Five Questions for: Kirk Conrad
In 2007, a pilot program was launched in two middle schools in the Boston Public Schools. The pilot, Chefs in Schools, was designed to see what would happen if more fruits and vegetables were added to the schools’ lunch menus. Kirk Conrad is the chef behind the project. Late last year, preliminary results were released from the pilot, which found that the program was making progress. FSD spoke with Conrad to find out what changes have been made and his next steps.
What is the Chefs in School initiative?
I came onboard the Chefs in Schools Initiative as a one-year pilot program in the City of Boston working specifically in two middle schools trying to increase the nutritional variance of the food. What that entailed was changing the menu a little bit and inserting as many fruit and vegetables as humanly possible and budget-wise possible.
The first couple of months we were just trying to get the lay of the land. The following year we really got aggressive in the two schools in putting a lot more fresh fruits and vegetables on the menus.
Money for the pilot was through a grant from Project Bread. Project Bread, the Boston Public School Department and the Boston Public Health Commission are all involved in the program.
What started as a one-year pilot has turned into an ongoing program. In March it will be four years. The program has expanded to eight schools.
Because of the complex nature of the program, it’s difficult to set concrete goals. What we’d like to do is get all the cafeterias up to the point where we are offering as many fresh fruits and vegetables, whole grains, made from scratch sauces and a consistency in all the schools. Would I like to see gourmet, made from scratch food in every kitchen, yes, but the reality of the situation is that’s not going to happen.
What changes did you make at the two schools?
We tried to make sauces from scratch. We worked on making made from scratch soups with plenty of vegetables in them. We looked at bringing whole-grain pasta, whole-wheat breads and brown rice into the menus in ways that the kids would still find appealing and enjoyable. We didn’t overhaul the menu all at once. We introduced things slowly and we thought about ways to make them appealing to the students.
The biggest challenge was, I’m dealing with twelve- to fourteen-year-old kids primarily. The most important thing for me was I wanted to make food that they would really eat. I didn’t want to cancel out all the items and put on grilled salmon and roasted asparagus tips and tofu stir-fry. I knew that the students wanted to see chicken sandwiches, burgers, wraps, pasta dishes and pizza on Friday. We worked with the dietitian in the school department to look at how we could improve the cuisine. We added some new products like low-fat cheese, whole-grain pizza dough, low-sodium sauces. Even though we can’t totally abandon the use of commodities, we are trying to insert as many fresh fruits and veggies as possible in a fiscally responsible manor.
A couple of years ago I tried to write the menus myself for the two pilot schools and it totally broke down and was very confusing. So we work with the Boston Public Schools menu. I’ve helped work on that a little bit for all the schools. We sit down with each manager at the pilot schools, who is in charge of ordering, and I tell her that this is what I’d like to see.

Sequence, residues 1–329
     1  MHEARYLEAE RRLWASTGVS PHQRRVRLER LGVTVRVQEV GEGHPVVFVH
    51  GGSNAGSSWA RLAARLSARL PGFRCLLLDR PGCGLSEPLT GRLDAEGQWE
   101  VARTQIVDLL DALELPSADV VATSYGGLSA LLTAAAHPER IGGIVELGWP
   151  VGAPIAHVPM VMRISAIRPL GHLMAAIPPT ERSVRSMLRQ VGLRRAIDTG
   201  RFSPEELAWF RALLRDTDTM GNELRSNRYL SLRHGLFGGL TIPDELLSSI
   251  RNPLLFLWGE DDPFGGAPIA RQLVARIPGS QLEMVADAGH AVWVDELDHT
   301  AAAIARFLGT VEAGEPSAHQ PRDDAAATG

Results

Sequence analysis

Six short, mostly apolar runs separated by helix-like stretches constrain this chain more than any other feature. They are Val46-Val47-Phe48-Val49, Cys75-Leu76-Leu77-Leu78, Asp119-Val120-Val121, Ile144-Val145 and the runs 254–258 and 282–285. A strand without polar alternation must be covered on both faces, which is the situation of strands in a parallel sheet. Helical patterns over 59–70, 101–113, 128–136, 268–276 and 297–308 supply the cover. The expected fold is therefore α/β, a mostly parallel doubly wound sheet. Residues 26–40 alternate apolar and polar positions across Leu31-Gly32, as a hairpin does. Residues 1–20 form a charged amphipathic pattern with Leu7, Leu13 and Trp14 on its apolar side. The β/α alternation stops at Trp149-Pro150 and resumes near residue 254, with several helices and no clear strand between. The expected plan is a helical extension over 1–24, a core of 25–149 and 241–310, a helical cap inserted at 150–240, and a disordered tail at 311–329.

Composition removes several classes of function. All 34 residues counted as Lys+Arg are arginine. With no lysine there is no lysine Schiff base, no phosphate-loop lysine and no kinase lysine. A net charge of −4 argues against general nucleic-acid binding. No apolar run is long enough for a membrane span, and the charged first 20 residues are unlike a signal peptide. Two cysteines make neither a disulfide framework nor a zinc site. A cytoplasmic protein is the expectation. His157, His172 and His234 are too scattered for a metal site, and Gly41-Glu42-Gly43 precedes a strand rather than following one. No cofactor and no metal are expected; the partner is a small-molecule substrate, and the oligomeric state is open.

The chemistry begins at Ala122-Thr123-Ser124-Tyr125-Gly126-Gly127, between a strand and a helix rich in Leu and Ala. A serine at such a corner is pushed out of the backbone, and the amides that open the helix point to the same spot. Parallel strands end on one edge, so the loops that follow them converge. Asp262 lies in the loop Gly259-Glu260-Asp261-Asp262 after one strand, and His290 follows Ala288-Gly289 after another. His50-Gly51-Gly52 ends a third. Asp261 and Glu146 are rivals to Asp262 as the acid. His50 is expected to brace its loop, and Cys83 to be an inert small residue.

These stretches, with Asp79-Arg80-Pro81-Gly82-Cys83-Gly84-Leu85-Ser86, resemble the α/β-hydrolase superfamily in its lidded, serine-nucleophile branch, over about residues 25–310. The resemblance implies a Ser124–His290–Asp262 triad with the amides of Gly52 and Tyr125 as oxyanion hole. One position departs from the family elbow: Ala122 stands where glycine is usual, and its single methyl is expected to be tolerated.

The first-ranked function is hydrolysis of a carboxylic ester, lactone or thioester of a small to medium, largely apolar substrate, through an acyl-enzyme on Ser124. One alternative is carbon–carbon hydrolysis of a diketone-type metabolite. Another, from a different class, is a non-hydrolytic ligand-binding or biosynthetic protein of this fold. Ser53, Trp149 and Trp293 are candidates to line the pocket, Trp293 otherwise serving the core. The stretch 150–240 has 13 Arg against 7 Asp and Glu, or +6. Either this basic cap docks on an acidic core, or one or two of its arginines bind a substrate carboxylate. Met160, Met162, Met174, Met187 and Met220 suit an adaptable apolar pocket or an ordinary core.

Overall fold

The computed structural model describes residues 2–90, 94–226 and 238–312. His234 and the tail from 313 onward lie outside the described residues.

How have the students responded?
Not every day is a bright, golden sunshine day. Not every day are the kids rushing over to hug me and say, “Chef, this is the best food ever.” It is obviously an ongoing process. We are continually working with the staff, training and trying new things. We are trying to get new products in. People are not only looking at the trans fats but also at the sodium content. I think that’s going to be the big pressure point coming up. I have to work within the constructs of the program. Sometimes that’s easy and sometimes it’s not. I can tell you that in the schools I’ve worked in I can definitely see change. The kids are happier. They are eating more. The participation rates are up.
What have been the results of the pilot?
We did a plate waste study last year and we found that they were eating lots more fresh fruits and veggies in the pilot schools. One-third of food from non-pilot schools’ meals was thrown away, while only one-fifth of food from school meals in the pilot schools was thrown away. We have seen a marked improvement, but it’s still an incredible challenge and a work in progress.
Some other results included:
• More than three times as many students ate vegetables in the pilot schools than in non-pilot schools
• Among students who ate vegetables in the pilot schools, they ate on average 30% more vegetables
• When only 1% milk was served instead of chocolate milk, students still drank the same amount of milk
• Meals had 50% more whole grains in the pilot schools
• Participation increased 17% in pilot schools
What have you learned since working in the two schools?
The biggest thing is that not everything is going to be successful and easy. It’s a trial process. It’s got to be worked through. Once you find something that works, then you can build upon it, but it’s definitely not an easy process. I had a meeting with the mayor when I first started and he asked me how things were going. I said, “It’s incredibly difficult,” and he told me, “If it were easy, someone else would have already done it.”
One of the big things that I have experienced is, when I walk into a school with my chef hat, chef jacket and checked pants, the students and the faculty see a chef working there and that buys me a little bit of credibility and that means they may be willing to try some new things. That doesn’t happen in the other schools because there isn’t a chef working there. If we can get that kind of excitement in all the schools, I think that would be a success of the program.
Photo Credit: Judith Ritter